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Six Tips for Introducing Kids to Sustainability Ideas

Introducing your kids to the concepts of sustainability and environmental stewardship may seem like too big of a challenge, especially for parents who may be experiencing COVID-19 pandemic fatigue. One way to make this daunting challenge easier is to turn your environmental lessons into fun games and activities for your kids. Below are six ideas you can implement this fall. 

1. Make Cleaning Up Litter Fun

If you’ve ever tried to get your little one to clean his or her room, you know it’s an uphill battle. So how do you get them to help clean up the neighborhood? Get creative! Make a scavenger hunt out of picking up litter. Found an old coffee cup? Check it off the list and put it in the recycling pile! Just as you teach your children to pick up after themselves, you can teach them to be responsible for keeping their neighborhood beautiful. Offer prizes to the kids who fill up the recycling bin faster. For free cleanup supplies, join the Massachusetts Litter Cleanup Crew

2. Engage Your Kids in Yardwork

Use yard work as a way to teach your children about the environment. While mowing, weeding, and cleanup can be a hassle, teaching your kids how to care for their outdoor space can become a fun addition to your lawn care routine. Together you can discuss the importance of water and nutrients for plants. 

What kind of bugs live in your yard? Point out the beneficial insects, such as ladybugs. Make a bug hotel out of organic materials and discuss the impact even the tiniest creatures can have on our ecosystem. This could lead to a discussion about using organic fertilizers and pesticides, and how dangerous chemicals are for our Earth. 

Buy or build a rain barrel to show them how to reuse our most precious resource. Even better, create a rain garden to stop water from flowing out into the gutter and sewers.

3. Raise Trailblazers & Nature Lovers

Have a weekend adventure with a hike. Pack a bag and hit the trails with your kids. Show them the importance of picking up after themselves and how litter can harm wildlife. Teach them the names of trees and local plants. How many species of birds can you spot? Studies show that allowing kids to explore nature is a great way to engage them in learning about sustainability.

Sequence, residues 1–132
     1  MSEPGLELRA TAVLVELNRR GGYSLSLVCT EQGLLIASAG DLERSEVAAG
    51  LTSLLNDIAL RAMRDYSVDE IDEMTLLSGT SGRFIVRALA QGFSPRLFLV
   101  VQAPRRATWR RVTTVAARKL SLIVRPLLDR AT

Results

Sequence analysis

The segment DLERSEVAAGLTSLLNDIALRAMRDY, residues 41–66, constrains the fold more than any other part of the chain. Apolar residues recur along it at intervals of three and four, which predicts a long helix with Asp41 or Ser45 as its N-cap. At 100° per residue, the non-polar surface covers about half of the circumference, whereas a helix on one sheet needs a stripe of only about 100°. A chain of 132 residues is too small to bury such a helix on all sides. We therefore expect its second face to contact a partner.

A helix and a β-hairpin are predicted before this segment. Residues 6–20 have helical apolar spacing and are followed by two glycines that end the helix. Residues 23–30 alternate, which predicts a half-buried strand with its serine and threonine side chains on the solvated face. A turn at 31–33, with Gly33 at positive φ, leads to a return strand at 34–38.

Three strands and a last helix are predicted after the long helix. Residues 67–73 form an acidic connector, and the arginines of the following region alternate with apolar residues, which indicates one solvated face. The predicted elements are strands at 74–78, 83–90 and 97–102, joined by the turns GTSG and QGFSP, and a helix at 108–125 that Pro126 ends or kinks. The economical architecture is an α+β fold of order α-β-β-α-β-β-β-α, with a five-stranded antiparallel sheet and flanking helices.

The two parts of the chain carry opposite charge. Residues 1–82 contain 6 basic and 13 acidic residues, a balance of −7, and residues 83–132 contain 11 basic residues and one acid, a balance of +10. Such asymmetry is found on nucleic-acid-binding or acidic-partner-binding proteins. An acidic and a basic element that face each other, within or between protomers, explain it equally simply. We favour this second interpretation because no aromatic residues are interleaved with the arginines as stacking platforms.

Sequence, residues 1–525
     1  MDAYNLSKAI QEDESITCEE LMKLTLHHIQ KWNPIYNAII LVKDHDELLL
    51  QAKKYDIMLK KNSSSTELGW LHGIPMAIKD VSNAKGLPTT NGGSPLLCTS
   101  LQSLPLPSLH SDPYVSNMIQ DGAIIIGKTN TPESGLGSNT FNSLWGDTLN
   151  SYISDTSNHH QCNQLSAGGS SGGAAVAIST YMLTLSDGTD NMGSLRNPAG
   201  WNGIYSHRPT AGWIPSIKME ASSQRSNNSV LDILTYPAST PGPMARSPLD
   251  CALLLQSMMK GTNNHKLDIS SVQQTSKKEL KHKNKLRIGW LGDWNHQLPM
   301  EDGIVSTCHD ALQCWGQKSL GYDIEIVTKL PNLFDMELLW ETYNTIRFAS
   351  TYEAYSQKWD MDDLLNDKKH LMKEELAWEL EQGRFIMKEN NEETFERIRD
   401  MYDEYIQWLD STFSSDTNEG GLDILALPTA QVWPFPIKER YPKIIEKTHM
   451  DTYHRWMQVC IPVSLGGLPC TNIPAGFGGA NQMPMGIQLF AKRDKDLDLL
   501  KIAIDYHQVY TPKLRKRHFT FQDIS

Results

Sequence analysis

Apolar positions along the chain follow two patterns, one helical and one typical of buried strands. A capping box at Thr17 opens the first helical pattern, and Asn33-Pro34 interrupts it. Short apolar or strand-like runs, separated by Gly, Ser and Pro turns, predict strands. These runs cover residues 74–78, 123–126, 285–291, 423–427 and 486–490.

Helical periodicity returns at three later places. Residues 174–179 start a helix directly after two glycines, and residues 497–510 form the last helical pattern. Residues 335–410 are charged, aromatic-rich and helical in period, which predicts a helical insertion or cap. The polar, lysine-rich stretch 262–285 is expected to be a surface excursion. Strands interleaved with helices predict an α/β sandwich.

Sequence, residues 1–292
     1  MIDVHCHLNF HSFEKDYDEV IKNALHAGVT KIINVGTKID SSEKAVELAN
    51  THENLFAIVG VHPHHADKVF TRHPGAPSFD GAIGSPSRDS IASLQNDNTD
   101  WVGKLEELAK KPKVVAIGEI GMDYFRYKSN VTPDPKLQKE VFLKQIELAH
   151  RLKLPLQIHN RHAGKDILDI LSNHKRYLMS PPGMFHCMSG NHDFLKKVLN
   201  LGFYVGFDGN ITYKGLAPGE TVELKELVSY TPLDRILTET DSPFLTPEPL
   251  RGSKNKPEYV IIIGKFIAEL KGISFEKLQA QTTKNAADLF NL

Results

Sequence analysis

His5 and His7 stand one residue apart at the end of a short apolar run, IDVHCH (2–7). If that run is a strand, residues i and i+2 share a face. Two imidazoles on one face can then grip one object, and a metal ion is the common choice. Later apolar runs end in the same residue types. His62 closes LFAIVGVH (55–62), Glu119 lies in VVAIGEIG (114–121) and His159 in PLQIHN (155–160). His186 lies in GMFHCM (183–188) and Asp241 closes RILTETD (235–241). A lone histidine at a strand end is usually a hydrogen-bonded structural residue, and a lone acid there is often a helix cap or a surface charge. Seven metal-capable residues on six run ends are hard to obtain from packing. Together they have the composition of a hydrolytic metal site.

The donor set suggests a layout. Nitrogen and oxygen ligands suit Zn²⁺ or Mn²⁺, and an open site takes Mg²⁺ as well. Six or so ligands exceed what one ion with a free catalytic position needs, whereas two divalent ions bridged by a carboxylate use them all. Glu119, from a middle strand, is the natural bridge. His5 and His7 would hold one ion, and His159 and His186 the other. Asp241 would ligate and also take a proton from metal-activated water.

4. Teach Your Kids to Compost  

While you’ve taught your kids not to play with their food, composting can be a fun exception to this rule. Make a composting bin in your backyard and start filling it up with leaves, food scraps, and grass clippings. Composting can turn the conversation to waste and waste management. Where does our trash go? How can we help our planet by reducing the amount of waste we produce? Composting allows you and your kids to get dirty, learn, and make your plants happy (it also saves you from buying expensive fertilizers). 

5. Host a Garden Party

Get creative by planting a container garden by reusing old household items. Start saving your yogurt containers, applesauce cups, and paper towel rolls and use them as seed starters. Break out the paint and decorate tin cans. Use that compost you made! Brainstorm about other ways you can reuse items around the house. Make a creative planting masterpiece together and give it to a family member or friend. This can start a discussion about the benefits of growing your own food. How many dishes can you whip up together featuring your own homegrown veggies? 

6. Set a Good Example

One of the easiest ways to teach your children about sustainable practices is by practicing what you preach. Be conscious of turning lights off when you leave a room. Remind your kids to turn the water off when they’re brushing their teeth. Designate a day where you sort the recycling together. What’s going to make the most impact on your child is the time that you spend together and instilling good habits at the same time. Get ready to make some great green memories!

Todd Michaels is a conservationist with a degree in marine biology. He writes about eco-friendly landscaping and recycling efforts around the country.